Here is the lineup on the breakfast table this morning. (And, yes, before you ask, that is a batik cloth in the background, from the old days in Indonesia.) 


Overall front-page lead story in the WaPo: "Medicare's future appears brighter".

#2 off-lead front page story in the NYT: "Report Shows Better Outlook for Medicare".


Mentions of that story anywhere on the front page of the WSJ, including the news-briefs column: zero.

The new Medicare assessment does make a cameo appearance at the bottom of page 5 (see right). Instead the WSJ devotes its featured front-page space to whether the IRS is doing more inspections of Republicans, and the plush life of modern Washington. Plus a very good (really) story, in the tradition of the old WSJ "A-hed" front-page features, on the modern high-tech sock-knitting industry.

Homework assignment: as we have seen before, there is a testable hypothesis to apply to the evolution of the Wall Street Journal.
  • Hypothesis: Under the ownership of Rupert Murdoch and the editorship of Robert Thomson*, the Journal has deliberately been bringing its news operations into closer alignment with its editorial-page views.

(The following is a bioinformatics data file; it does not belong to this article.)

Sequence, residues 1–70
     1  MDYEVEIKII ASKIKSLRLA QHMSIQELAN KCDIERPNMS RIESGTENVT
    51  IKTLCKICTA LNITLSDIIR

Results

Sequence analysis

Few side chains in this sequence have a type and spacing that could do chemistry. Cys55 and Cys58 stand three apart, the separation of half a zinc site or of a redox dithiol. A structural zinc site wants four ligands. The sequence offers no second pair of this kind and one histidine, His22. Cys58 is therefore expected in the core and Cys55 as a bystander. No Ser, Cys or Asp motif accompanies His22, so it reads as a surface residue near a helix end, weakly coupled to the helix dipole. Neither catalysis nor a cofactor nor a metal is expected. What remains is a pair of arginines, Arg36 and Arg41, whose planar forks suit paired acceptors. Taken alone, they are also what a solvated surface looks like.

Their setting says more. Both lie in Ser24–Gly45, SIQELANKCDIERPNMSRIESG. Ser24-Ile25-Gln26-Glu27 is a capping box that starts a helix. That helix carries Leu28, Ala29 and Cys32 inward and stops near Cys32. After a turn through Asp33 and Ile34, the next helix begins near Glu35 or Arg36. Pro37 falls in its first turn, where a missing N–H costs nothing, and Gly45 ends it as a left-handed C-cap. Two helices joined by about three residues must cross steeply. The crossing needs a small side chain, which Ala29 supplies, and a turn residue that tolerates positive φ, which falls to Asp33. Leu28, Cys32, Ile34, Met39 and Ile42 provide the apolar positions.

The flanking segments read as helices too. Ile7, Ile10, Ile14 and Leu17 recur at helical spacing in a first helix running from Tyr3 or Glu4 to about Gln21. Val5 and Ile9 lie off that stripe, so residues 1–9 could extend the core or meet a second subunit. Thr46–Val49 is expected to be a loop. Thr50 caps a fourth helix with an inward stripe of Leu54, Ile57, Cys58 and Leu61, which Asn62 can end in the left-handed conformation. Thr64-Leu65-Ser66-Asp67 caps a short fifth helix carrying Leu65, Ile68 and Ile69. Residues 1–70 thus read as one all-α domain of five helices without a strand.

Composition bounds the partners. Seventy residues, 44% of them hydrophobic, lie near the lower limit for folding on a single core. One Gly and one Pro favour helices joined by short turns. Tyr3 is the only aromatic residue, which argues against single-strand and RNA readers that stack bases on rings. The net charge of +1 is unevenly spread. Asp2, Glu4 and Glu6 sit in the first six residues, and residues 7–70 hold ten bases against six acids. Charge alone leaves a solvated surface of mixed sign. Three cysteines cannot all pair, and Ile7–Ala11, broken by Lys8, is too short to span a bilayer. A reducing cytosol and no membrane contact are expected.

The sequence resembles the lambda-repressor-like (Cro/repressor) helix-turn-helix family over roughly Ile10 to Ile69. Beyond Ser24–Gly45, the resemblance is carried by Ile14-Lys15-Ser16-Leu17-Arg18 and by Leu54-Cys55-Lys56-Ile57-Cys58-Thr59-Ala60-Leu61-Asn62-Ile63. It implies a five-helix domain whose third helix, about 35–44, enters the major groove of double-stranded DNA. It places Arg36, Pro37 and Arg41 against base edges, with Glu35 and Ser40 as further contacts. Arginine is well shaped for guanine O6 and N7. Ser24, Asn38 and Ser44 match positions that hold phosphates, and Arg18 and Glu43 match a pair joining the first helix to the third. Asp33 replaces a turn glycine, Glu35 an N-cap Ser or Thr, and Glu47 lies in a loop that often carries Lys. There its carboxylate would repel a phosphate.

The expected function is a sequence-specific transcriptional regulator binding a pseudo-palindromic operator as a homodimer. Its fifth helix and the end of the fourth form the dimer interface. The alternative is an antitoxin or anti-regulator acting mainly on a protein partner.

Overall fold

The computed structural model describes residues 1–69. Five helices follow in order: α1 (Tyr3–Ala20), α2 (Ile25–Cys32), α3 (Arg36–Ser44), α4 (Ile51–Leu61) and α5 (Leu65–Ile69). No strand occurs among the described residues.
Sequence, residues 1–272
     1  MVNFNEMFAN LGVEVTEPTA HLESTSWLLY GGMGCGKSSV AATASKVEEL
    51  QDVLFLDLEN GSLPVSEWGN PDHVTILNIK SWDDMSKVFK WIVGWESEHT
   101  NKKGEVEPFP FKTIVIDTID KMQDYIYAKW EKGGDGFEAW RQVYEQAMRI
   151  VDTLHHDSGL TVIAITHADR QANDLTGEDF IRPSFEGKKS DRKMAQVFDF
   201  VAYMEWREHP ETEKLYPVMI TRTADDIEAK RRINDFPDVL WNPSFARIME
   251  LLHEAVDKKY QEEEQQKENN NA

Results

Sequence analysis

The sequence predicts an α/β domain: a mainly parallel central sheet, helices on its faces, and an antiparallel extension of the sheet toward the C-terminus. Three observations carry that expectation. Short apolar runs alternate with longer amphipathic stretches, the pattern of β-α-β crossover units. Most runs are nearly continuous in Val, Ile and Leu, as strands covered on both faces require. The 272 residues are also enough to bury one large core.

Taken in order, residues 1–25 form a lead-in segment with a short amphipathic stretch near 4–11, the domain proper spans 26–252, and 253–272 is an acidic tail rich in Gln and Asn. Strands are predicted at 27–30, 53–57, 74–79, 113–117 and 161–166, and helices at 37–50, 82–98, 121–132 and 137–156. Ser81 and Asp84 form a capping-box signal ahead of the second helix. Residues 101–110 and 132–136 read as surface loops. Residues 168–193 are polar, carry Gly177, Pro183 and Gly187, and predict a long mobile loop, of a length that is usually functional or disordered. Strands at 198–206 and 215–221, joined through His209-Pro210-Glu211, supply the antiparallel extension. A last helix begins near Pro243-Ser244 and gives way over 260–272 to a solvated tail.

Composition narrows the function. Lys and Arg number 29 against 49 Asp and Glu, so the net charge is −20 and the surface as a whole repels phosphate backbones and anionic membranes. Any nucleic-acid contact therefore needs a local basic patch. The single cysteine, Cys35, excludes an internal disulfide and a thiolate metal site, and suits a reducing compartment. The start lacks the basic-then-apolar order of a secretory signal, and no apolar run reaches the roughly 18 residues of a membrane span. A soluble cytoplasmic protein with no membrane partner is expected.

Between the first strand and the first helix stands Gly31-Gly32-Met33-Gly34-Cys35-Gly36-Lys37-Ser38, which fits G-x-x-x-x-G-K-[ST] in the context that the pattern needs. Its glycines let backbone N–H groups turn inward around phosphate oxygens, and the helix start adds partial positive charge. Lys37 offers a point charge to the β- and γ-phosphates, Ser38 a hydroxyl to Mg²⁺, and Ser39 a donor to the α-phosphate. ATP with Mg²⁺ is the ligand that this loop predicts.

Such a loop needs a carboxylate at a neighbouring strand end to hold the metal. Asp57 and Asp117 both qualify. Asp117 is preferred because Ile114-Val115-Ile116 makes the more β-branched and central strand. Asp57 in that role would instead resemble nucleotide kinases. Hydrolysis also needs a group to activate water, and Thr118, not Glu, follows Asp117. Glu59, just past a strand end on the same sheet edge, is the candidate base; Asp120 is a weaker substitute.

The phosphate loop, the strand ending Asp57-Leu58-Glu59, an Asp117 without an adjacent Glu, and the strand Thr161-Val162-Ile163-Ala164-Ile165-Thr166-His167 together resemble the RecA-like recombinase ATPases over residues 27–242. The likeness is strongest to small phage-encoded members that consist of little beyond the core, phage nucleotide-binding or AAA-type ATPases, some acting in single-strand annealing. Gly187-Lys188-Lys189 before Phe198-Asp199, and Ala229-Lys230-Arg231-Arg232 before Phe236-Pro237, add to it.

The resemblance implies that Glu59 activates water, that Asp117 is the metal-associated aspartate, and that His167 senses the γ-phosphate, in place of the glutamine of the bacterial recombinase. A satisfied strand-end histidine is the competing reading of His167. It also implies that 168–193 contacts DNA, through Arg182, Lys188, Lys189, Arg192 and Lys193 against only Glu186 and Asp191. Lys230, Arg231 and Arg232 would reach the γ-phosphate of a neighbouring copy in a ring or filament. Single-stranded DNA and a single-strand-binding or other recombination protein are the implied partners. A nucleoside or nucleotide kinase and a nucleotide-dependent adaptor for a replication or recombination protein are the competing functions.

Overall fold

• Sub-hypothesis: You don't see this shift in the line-by-line content of the stories themselves but rather in the headlines, subheads, and placement of the stories in the paper. That is, we're looking at editors' work rather than reporters'.

Being hypotheses, these are subject to testing and disproof. The experiment goes on.

* Thomson took broader News Corp editorial responsibilities this year; Gerard Baker is his successor as WSJ managing editor.